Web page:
WA State Senate marks $2.7 billion for construction
Originally published Friday, April 11, 2003
Heritage Park in downtown Olympia is a big loser, but South Puget
Sound Community College and The Evergreen State College are big winners
in the Senate construction budget proposed Thursday.
"But the big disappointment is that Heritage Park is not in there. I think it's irresponsible not to finish what the state has started," Fraser said.
Fraser offered her comments after Sen. Joseph Zarelli, a Republican vice-chairman of the Senate Ways and Means Committee, released his $2.7 billion construction-spending plan for the 2003-05 biennium.
Heritage Park, which some consider a perennial eyesore with its yearly construction projects, has cost an estimated $16.9 million since its planning began in the early 1990s. It now needs $5.6 million to be completed, but it must compete for funding with the $101 million Legislative Building renovation project and a slew of other capital needs.
Zarelli said he questions why the state should pay another $1.8 million for a security and restroom building at a park that has featured "add-on after add-on" for the past decade.
"A lot of people would like to see them plant some grass and shrubs and see some sunbathers out there this summer," he said.
Fraser hasn't given up getting money for the project, and Reps. Sandra Romero and Sam Hunt, both Olympia Democrats, are keeping up the fight in the House, where capital-project budget writers also are inclined to cut off park funding.
Other South Sound projects came up smelling like roses in the Senate budget, which Zarelli and Democratic Sen. Erik Poulsen of West Seattle drew up and could vote out of the Senate Ways and Means Committee this afternoon. A Senate floor vote probably will come next week, Zarelli said.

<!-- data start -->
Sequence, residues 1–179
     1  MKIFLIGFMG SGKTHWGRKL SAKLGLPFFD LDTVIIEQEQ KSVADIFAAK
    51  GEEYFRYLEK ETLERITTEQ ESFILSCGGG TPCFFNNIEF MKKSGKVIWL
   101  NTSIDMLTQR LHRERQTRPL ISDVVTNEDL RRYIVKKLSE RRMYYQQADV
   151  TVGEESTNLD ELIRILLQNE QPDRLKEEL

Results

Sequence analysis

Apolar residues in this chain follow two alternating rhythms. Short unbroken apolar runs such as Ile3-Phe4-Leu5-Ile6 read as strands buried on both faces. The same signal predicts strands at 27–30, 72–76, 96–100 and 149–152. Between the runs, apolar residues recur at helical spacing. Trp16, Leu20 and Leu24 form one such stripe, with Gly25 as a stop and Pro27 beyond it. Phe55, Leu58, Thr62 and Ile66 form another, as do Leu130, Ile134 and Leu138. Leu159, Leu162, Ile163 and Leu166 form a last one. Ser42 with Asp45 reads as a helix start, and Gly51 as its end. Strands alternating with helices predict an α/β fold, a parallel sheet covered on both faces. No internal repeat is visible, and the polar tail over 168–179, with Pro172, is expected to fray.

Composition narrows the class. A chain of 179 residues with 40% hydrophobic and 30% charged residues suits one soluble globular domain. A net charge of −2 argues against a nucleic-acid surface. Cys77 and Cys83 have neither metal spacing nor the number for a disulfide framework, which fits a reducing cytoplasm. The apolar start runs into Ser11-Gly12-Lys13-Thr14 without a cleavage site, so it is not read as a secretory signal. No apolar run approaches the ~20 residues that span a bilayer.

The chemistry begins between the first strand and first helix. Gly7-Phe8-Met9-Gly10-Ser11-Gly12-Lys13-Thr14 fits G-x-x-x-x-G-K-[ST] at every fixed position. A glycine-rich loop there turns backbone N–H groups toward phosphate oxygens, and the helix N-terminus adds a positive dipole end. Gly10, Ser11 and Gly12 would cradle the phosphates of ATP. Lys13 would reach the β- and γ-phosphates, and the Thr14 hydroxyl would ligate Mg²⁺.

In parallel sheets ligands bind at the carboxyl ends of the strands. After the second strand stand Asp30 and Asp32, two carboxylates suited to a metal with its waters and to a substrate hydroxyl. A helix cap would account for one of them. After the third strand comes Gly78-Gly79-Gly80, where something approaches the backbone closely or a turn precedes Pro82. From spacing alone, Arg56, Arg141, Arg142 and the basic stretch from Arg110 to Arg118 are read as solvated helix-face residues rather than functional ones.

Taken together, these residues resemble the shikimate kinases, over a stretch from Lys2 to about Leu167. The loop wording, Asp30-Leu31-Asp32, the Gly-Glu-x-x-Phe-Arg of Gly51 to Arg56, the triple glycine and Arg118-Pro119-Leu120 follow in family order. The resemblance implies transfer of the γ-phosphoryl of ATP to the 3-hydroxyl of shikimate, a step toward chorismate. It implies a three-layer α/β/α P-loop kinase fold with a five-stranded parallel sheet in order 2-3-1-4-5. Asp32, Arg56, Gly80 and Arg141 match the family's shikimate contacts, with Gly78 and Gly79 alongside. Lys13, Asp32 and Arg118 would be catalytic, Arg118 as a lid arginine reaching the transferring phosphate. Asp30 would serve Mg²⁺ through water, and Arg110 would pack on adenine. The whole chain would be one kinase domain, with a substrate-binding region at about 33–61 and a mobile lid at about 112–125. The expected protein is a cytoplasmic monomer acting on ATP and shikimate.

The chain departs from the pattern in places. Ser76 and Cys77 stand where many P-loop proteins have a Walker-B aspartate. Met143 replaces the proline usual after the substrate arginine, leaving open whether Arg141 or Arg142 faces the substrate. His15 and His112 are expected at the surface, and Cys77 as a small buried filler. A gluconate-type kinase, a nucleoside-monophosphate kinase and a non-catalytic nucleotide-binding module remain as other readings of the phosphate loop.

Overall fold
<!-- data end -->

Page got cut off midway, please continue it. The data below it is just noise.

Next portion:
The proposed budget gives Evergreen more than $38 million -- $4.5 million more than Gov. Gary Locke proposed.
"It is actually everything we wanted. It's just in different pots. We can live with how they allocated it," said Edie Harding, director of governmental relations for Evergreen.
The money includes $21.5 million for the first half of renovations to the Daniel J. Evans library and $4.5 million to buy furniture and phone and audio-visual equipment for use in the new Seminar II building's lecture halls, which are scheduled to open to students in January 2004.
Harding acknowledged that Evergreen is asking for a lot of funding but said the west-Olympia campus is trying to find room to accommodate more students in the future.
Harding said Evergreen will soon be at the end of its large capital funding requests.
Budget writers in the House may commit a lower level of funds to Evergreen, said House Capital Budget Committee Chairman Hans Dunshee, D-Snohomish.
Also getting good news is fast-growing South Puget Sound Community College. The Senate is proposing to spend more than $17.3 million to build a new humanities and general-education complex that will be visible from Mottman Road.
That's the same level of funding proposed by Locke, and Dunshee said he's planning to lock in the same level of spending in his budget, due for release late next week.
If money is appropriated, construction would begin in late fall or early winter, as soon as the college's new child and family education complex is completed, SPSCC spokeswoman Kellie Purce Braseth said.
Several other proposals are of interest to South Sound, including the Senate's plan to spend an extra $5.2 million on the domed Legislative Building renovations, which could see total costs hit $113 million including overruns.
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